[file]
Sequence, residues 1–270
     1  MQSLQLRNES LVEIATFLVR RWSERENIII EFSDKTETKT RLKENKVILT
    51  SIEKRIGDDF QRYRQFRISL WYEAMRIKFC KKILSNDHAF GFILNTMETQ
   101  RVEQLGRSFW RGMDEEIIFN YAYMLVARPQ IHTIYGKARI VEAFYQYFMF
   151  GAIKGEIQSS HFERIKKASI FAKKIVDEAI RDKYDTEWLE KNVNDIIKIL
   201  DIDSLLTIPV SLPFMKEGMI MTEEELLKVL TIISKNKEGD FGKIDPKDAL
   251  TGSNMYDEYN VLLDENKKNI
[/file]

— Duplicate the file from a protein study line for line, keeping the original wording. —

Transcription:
Sequence, residues 1–270
     1  MQSLQLRNES LVEIATFLVR RWSERENIII EFSDKTETKT RLKENKVILT
    51  SIEKRIGDDF QRYRQFRISL WYEAMRIKFC KKILSNDHAF GFILNTMETQ
   101  RVEQLGRSFW RGMDEEIIFN YAYMLVARPQ IHTIYGKARI VEAFYQYFMF
   151  GAIKGEIQSS HFERIKKASI FAKKIVDEAI RDKYDTEWLE KNVNDIIKIL
   201  DIDSLLTIPV SLPFMKEGMI MTEEELLKVL TIISKNKEGD FGKIDPKDAL
   251  TGSNMYDEYN VLLDENKKNI